Successful integration of movement function demands balance. As vertebrate animals, we are designed to move in such a way that the head leads our movement along the spine, and the body follows. This movement is an upward, vital direction in response to gravity, distinct from our movement in space, which is often horizontal (for example, walking or running along the horizontal surface of the ground).

In animals, the head leading horizontal movement is clearly evident. Any animal searching out its prey, for example, can be clearly seen to orient its movement by the head, where the primary organs of sight, smell and sound are located. Watch the intensity of a cheetah in motion and you can see clearly that the head is leading, the spine is following, and it almost seems as if the legs are merely catching up. Conversely, to restrict movement, we pull back on the reins. This pulls the head back, directing forces in the animal's body into the opposite direction from the one in which the horse is moving.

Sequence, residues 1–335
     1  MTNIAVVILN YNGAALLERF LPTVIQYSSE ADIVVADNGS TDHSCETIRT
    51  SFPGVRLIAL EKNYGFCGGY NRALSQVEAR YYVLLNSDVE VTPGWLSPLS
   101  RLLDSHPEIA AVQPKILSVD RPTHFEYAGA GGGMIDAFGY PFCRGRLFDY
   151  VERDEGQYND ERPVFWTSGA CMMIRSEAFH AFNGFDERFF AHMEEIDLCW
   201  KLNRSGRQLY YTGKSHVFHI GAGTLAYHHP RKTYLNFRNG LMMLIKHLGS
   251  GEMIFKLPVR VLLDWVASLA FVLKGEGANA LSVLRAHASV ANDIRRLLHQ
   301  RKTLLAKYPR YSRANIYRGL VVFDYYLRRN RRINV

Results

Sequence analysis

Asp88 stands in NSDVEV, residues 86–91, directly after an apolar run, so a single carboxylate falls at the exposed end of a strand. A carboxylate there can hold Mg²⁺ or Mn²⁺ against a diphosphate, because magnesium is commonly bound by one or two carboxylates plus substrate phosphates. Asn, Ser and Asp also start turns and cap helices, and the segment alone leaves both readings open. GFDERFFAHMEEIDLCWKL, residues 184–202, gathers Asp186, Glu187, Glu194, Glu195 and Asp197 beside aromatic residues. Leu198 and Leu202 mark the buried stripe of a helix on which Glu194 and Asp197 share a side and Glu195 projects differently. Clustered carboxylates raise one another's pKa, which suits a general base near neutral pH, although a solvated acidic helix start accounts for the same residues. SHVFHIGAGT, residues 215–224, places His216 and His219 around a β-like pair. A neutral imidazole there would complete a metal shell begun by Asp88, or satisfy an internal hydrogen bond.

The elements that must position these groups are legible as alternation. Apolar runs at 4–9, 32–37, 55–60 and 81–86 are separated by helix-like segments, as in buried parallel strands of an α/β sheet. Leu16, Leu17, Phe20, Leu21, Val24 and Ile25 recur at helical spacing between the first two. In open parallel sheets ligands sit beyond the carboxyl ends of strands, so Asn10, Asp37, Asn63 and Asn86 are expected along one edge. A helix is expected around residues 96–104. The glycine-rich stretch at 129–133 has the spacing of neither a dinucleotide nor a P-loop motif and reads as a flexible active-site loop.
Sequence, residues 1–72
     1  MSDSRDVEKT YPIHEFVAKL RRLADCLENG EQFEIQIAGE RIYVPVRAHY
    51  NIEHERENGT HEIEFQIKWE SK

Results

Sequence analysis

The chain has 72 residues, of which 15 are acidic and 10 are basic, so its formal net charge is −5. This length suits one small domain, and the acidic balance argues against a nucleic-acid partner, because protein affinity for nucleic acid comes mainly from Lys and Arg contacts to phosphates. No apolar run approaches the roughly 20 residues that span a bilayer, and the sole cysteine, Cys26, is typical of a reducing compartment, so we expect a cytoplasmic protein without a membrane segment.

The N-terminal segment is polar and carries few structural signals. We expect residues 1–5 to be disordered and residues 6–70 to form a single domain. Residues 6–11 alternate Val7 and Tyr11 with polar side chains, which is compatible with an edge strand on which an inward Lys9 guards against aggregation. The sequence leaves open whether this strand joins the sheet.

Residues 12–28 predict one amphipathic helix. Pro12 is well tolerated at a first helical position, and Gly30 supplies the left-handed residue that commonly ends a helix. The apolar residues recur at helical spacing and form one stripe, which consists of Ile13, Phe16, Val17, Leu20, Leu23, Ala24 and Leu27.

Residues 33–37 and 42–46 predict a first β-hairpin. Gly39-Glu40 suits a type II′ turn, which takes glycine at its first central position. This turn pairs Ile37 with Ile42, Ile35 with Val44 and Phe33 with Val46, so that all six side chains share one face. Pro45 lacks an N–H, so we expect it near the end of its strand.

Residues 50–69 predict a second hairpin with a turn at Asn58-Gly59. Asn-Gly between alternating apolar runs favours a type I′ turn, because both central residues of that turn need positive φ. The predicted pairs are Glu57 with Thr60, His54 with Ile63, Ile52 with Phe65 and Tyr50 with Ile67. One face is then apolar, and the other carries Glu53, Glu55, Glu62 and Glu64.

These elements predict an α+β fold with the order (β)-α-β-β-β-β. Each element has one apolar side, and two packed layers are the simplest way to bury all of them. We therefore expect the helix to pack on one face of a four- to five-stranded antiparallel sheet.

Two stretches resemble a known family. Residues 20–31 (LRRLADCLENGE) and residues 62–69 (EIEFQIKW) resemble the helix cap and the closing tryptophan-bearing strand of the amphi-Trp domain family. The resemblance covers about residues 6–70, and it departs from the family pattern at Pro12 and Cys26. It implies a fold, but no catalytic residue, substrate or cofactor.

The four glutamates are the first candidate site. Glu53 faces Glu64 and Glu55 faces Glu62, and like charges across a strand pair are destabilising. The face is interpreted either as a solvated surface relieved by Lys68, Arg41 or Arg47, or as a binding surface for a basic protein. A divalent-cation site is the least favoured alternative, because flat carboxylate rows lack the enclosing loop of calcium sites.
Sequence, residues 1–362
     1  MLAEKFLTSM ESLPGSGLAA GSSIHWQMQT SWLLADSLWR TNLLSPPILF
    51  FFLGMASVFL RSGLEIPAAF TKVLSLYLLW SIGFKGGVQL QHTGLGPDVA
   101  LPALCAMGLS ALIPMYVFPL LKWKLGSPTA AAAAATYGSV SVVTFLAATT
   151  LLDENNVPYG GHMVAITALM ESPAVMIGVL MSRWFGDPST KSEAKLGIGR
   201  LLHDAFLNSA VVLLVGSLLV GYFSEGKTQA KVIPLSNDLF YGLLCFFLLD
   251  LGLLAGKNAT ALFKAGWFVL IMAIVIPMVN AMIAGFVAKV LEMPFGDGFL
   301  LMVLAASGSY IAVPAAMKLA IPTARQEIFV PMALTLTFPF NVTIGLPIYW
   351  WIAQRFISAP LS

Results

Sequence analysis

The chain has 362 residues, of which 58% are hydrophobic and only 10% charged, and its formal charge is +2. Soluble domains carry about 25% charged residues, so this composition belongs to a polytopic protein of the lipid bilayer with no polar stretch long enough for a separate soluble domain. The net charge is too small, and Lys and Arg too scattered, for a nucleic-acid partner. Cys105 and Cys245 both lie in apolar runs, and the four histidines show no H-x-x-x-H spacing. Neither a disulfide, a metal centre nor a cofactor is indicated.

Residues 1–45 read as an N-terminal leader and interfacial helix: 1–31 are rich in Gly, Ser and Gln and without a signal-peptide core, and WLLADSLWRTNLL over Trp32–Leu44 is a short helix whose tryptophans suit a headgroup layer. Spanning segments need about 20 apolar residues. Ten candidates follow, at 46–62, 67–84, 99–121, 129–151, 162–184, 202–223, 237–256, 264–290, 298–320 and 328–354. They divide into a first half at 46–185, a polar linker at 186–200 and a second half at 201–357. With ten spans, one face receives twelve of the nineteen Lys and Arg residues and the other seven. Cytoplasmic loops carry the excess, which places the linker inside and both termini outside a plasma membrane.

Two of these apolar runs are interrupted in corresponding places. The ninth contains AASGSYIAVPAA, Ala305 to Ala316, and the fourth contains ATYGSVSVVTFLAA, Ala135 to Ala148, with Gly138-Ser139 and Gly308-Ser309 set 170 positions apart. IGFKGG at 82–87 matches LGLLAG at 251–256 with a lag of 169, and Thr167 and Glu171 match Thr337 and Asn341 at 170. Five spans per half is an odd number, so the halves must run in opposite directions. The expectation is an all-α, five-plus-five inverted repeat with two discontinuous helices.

In most instances, the balance of our head to our spine is innate. Most healthy newborns explore and maintain this balance developmentally as they grow. Over time, under constant stress and maladaptive accommodation to our environment, we tend to lose this delicate balance.

Balanced, Dynamic Posture

The Alexander Technique focuses on restoring a balanced, dynamic posture, or coordination of the head and the spine. While posture is frequently thought of as a position in which to sit or stand, a dynamic posture is one that maintains a balanced relationship between the head, neck, and torso in movement, continually changing in response to the demands of activity, yet maintaining and underlying integrity or principle. This is characterised by:

  • A perceptible and altered relatioinship of the head to the neck and back
  • A corresponding activation of deep postural antigravity muscular specifically
  • A re-balancing of the generalised tonus of the external musculature
  • An increased length along the spine
  • Freedom and mobility of the joints
  • >Ease and increased flexibility of movement

This organisation creates a pattern of efficient muscular distribution of effot and a natural upright buoyancy that is characteristic of children and animals. As animals, we too are designed to move with freedom, vitality and balance. Distortion of this dynamic postural condition leads to stress, wear and tear.